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Celestial Navigation: 19th-Century Methods

This is a weekend introductory class in basic celestial navigation emphasizing the actual historical methods that were used in the Age of Sail, especially aboard whaling vessels like the Charles W. Morgan. Students will learn real navigation skills and will be able to take sights to determine latitude and longitude using traditional mathematical tables.

Attendees will learn how to use and adjust sextants and octants, both historical instruments and their modern equivalents. The class covers the classic method of finding latitude by “noon sun” and students will also learn in detail the math of the “time sight” which was used to determine longitude from the 19th through the middle of the 20th century. Throughout the class, students will compare what they’re doing with actual logbook entries and calculations from the Museum’s collections. Weather permitting, students will have opportunities to make actual sextant observations.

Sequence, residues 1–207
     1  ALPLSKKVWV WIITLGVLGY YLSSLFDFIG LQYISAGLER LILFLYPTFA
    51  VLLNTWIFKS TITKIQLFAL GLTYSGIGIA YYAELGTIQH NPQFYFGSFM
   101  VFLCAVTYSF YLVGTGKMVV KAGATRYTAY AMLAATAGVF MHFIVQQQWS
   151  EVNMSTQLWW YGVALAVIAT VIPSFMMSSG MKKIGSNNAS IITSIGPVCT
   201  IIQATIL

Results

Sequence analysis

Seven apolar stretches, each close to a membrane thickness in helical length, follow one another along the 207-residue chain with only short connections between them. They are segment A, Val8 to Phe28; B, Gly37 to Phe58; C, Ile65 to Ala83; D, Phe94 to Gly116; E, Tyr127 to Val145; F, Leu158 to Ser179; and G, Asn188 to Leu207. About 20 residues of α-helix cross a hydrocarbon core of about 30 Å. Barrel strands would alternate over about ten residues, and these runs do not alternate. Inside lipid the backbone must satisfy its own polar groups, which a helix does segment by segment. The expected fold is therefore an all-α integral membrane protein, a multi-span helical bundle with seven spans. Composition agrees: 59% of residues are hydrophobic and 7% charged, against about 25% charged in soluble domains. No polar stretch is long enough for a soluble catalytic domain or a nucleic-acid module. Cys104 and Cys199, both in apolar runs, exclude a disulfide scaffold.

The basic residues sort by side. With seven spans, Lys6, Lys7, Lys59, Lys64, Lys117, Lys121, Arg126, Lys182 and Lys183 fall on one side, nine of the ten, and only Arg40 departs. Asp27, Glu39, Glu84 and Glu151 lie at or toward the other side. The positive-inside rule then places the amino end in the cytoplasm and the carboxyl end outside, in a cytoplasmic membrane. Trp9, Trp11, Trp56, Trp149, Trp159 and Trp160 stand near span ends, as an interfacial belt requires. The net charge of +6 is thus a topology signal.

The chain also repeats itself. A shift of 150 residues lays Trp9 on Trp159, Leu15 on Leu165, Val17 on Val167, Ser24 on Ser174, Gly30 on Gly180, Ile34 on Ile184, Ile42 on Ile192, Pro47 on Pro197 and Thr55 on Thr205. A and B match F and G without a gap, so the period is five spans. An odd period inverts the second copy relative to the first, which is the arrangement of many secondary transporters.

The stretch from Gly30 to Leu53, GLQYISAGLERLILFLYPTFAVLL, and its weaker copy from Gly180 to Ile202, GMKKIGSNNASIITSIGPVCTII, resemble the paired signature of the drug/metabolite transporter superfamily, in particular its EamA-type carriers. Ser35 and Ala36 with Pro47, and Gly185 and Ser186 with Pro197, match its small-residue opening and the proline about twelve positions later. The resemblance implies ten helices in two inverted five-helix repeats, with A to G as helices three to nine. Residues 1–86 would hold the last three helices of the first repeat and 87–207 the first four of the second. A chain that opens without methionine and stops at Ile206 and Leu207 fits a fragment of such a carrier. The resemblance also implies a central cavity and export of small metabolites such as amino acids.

This is real navigation, not just a class “about” navigation. Fast and intense, students who complete this weekend class will have the basic celestial navigation skills to cross any ocean using the sun, a sextant, and a few other simple tools.

Requirements: good math skills and especially a familiarity with the basic geometry of angles, including degrees and minutes of arc. A familiarity with 24-hour time (16:00 is 4:00 p.m.). A good understanding of latitude and longitude on the globe. Unlike the Planetarium’s introductory class, this course offers a more historical and more mathematical approach to celestial navigation.

Instructor: Frank Reed of Reed Navigation